The sight of our destination causes my heart to race because, having been unable to centre myself, I do not feel prepared to be completely present for the mother. A calm birth is a good birth, and a midwife must remove all negative stimuli in order to create an environment where a calm birth can happen. Since knowledge also provides confidence, I decide to prepare myself in this way.

“Do you know the family?” I ask.

Mr. Ostend glances at me and turns his eyes back to the river. “Do you really want to know?”

“I should know as much as possible about the family. Usually I would learn all I need to know at the pre-natal examinations. This situation is quite different.”

We are nearing the lone dock on McRay Point now. I see a car’s headlights just beyond the dock. I smile at the courtesy of people on both sides of the river who have gone out of their way to assist me on this stormy Christmas morning. At the same time, I am annoyed at having to wait for Mr. Ostend's reply.

“Who’s the mother?” I ask more directly.

Mr. Ostend slows the boat for our approach. I’m grateful we’re here because the wind is blowing harder and the sleet has turned to heavy snow.

“Valerie Masterson,” he says.

I reflexively bring my hand to my mouth, but not before a loud, high pitched “oh!” slips out.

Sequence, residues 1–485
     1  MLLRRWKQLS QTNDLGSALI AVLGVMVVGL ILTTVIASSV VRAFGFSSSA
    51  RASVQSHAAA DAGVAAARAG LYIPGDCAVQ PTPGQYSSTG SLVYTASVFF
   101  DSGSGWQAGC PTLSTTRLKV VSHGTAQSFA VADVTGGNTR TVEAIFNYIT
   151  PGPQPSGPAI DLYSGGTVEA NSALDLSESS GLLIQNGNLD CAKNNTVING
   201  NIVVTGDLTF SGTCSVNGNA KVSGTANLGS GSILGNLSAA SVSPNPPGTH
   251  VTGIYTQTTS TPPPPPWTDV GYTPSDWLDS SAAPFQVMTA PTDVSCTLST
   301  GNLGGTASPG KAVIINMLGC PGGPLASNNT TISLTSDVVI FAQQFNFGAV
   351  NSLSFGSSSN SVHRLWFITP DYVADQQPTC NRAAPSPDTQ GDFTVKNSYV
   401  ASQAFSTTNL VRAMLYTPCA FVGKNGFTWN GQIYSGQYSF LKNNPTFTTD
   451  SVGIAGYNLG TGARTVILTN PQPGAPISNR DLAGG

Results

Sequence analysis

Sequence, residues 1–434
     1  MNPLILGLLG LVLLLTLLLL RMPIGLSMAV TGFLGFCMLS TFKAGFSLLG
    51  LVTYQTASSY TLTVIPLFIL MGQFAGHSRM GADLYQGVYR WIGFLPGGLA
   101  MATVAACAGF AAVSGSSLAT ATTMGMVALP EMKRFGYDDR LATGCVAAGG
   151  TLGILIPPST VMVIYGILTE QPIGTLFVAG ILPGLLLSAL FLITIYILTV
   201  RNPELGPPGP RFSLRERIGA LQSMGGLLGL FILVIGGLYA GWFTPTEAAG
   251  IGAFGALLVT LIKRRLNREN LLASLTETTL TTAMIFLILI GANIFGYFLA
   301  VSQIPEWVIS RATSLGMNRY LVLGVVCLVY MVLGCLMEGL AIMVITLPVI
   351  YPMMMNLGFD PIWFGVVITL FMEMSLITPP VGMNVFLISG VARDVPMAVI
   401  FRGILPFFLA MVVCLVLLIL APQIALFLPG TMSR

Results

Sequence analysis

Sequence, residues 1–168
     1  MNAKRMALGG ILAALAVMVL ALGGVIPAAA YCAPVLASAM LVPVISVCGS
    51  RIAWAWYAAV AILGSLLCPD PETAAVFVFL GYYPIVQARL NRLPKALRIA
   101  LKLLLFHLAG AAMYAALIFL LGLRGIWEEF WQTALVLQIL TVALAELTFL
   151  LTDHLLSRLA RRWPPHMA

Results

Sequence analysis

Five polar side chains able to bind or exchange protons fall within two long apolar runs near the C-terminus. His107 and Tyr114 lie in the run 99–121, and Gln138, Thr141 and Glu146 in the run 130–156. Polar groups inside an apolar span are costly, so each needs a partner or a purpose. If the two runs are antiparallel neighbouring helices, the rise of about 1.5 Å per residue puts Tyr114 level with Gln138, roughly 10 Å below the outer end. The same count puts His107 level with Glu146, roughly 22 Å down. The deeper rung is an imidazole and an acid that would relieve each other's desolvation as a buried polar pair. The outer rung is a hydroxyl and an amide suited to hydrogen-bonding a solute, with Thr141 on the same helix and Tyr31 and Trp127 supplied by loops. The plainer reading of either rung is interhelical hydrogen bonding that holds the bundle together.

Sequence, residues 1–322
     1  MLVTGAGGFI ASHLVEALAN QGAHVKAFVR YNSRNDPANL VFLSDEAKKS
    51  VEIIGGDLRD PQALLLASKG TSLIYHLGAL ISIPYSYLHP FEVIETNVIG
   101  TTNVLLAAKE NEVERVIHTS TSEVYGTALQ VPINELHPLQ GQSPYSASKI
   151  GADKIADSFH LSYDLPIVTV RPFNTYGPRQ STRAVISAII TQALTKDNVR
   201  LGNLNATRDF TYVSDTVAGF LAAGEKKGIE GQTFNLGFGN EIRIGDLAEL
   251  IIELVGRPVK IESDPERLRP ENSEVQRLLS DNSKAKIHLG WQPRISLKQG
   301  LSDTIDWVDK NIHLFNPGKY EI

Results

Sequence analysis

Anyone who’s been on the river long enough knows all that needs to be known about this particular branch of the Masterson family tree. Gordon, the youngest of four boys, enjoys a River Rat’s luck to such a degree that he eliminated the word caution from his vocabulary. As a child he fell off his outboard motorboat and survived a hit to the head by the propeller. As a teenager he “borrowed” a small tour boat from the Canadian side and survived its sinking on a shoal in the American Narrows. As an adult he twice survived breaking through the winter ice, once on a horse, which also made it out of the water, and once on an airboat, which didn’t. His fishing exploits are legendary and include wrestling a sturgeon all the way up to an island shore where the dinner he was cooking for his clients burned on the flames of the campfire. Some people say that Gordon Masterson is cursed. Others say that the river respects him so much that it refuses to take his life no matter how recklessly he tries to give it away. One thing everyone agrees on: Gordon Masterson lives on borrowed time.